If you develop diarrhoea, be sure to drink plenty of fluids, preferably an oral rehydration solution such as dioralyte. A few loose stools don't require treatment, but if you start having more than four or five stools a day you should start taking an antibiotic (usually a quinoline drug) and an antidiarrhoeal agent (such as loperamide). If diarrhoea is bloody, persists for more than 72 hours or is accompanied by fever, shaking, chills or severe abdominal pain, you should seek medical attention.


Giardia is an intestinal parasite that lives in the faeces of humans and animals and is normally contracted through drinking water. It is one of the most common parasitic infections in humans in Arctic regions. Problems can start several weeks after you've been exposed to the parasite, and symptoms may sometimes remit for a few days and then return; this can go on for several weeks or even longer.

The earliest signs are a swelling of the stomach, followed by pale faeces, diarrhoea, frequent gas and possibly headache, nausea and depression. If you exhibit these symptoms you should visit a doctor for treatment.

Hypothermia & frostbite

Proper preparation will reduce the risks of getting hypothermia. Even on a warm day in the Arctic the weather can change rapidly. Take waterproof garments and warm layers, and inform others of your route.

Acute hypothermia follows a sudden drop of temperature over a short time. Chronic hypothermia is caused by a gradual loss of temperature over hours.

Hypothermia starts with shivering, loss of judgement and clumsiness. Unless rewarming occurs, the sufferer deteriorates into apathy, confusion and coma. Prevent further heat loss by seeking shelter, wearing warm, dry clothing, drinking hot, sweet drinks and sharing body warmth.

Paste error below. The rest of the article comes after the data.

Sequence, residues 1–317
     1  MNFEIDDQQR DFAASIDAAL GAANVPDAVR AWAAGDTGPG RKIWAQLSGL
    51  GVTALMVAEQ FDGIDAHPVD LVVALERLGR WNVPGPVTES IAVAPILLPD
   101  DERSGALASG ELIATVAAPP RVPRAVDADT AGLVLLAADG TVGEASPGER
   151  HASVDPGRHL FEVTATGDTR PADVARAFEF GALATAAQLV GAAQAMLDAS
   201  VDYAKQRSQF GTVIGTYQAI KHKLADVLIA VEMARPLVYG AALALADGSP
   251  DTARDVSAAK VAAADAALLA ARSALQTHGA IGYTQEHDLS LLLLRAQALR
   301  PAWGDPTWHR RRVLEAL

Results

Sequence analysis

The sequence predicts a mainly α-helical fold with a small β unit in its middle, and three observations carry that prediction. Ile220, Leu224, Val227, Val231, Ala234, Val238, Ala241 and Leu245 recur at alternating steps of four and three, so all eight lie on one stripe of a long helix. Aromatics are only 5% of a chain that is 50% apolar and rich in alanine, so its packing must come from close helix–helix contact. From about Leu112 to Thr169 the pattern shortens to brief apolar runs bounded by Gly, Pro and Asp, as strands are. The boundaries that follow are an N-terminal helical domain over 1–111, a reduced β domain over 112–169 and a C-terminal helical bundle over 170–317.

Frostbite is caused by freezing of and subsequent damage to bodily extremities. It is dependent on wind-chill, temperature and length of exposure. Frostbite starts as frostnip (white, numb areas of skin) from which complete recovery is expected with rewarming. As frostbite develops, the skin blisters and becomes black. Loss of damaged tissue eventually occurs. Wear adequate clothing, stay dry, keep well hydrated and ensure you have adequate calorie intake to prevent frostbite. Treatment involves rapid rewarming. Avoid refreezing and rubbing the affected areas.

Insect bites & stings

As the surface of the Arctic tundra melts it becomes waterlogged as the permafrost prevents water from draining. Couple this with the warmer temperatures of summer, and you've got a perfect breeding ground for insects. Arctic mosquitoes can be ferocious and can be the bane of your existence on a summer trip up north. Bring strong DEET-based insect repellent and a head-net, and wear long-sleeved shirts and long trousers.

Bees and wasps cause real problems only to those with a severe allergy (anaphylaxis). If you have such an allergy, carry EpiPen or similar adrenaline injections.

Travelling with children

All travellers with children should know how to treat minor ailments and when to seek medical treatment. Make sure the children are up to date with routine vaccinations, and discuss possible travel vaccines well before departure, as some vaccines are not suitable for children under a year old.

Remember to avoid contaminated food and water. If your child has vomiting or diarrhoea, lost fluid and salts must be replaced. It may be helpful to take rehydration powders for reconstituting with boiled water.

Children should be encouraged to avoid and mistrust any dogs or other mammals because of the risk of rabies and other diseases.

Sexual health

Condoms are widely available across the Arctic. When buying condoms, look for a European CE mark, which means they have been rigorously tested. Keep them in a cool, dry place or they may crack and perish.

Emergency contraception is most effective if taken within the next 24 hours after unprotected sex.